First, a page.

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Uruguay’s Health Care Gives Me Peace of Mind

I didn’t move to Uruguay for the health care…but after six years of receiving first-rate medical care at a low and predictable cost, it’s become one of the things I appreciate most.

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The World’s Best Health Care Plan

If you fall in love with Uruguay, as I did, one thing you’ll appreciate is the high-quality, affordable health care. In Uruguay, medical equipment is modern and doctors highly trained. There are two medical schools in Montevideo, but many senior doctors in Uruguay were trained in the United States, Germany, and Brazil.

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A Freer, Simpler Life Awaits You

I have a confession. Before I moved to Uruguay I regularly associated with criminals. And their crimes were many and diverse. I lived in Washington State. And the crimes I speak of ranged from collecting rainwater in barrels for the garden (against Washington State law), to advertising a large home for sale as “ideal for a large family,” a HUD violation.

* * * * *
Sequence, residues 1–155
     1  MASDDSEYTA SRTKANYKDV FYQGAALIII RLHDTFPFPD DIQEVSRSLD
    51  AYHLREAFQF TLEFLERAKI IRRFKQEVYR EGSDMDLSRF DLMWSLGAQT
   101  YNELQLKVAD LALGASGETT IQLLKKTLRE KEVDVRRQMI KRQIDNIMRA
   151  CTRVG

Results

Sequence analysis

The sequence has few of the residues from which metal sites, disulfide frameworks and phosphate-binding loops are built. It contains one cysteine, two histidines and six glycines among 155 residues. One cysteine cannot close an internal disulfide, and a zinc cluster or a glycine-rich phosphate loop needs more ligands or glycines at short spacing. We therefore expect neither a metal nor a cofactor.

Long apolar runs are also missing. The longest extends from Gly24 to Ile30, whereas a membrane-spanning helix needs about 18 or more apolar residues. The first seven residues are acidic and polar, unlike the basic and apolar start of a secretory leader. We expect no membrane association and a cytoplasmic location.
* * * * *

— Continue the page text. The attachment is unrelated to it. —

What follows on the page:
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The Best Things in Life Are Still Free in Montevideo, Uruguay

Somehow, in my adult life, I developed the belief that I needed money to have a good time. However, living in Montevideo reminds me that’s just not so. Here, there are so many public spaces, celebrations, and ways to socialize… all for little or no money. In fact, the idea that the finer things in life should be available to all is so important to Uruguayans that they dedicate a whole weekend to it every spring.

Affordable Properties in the Best Areas of Punta del Este, Uruguay

Affordable Properties in the Best Areas of Punta del Este, Uruguay

Believe it or not, you can still find a nice condo in a coveted Punta del Este neighborhood for less than $150,000. There’s a secret to buying affordably here. And it’s simple. Folks from North America determine a property’s value by three factors: location, location, location. But in Punta del Este’s condo market, a property’s location is less important.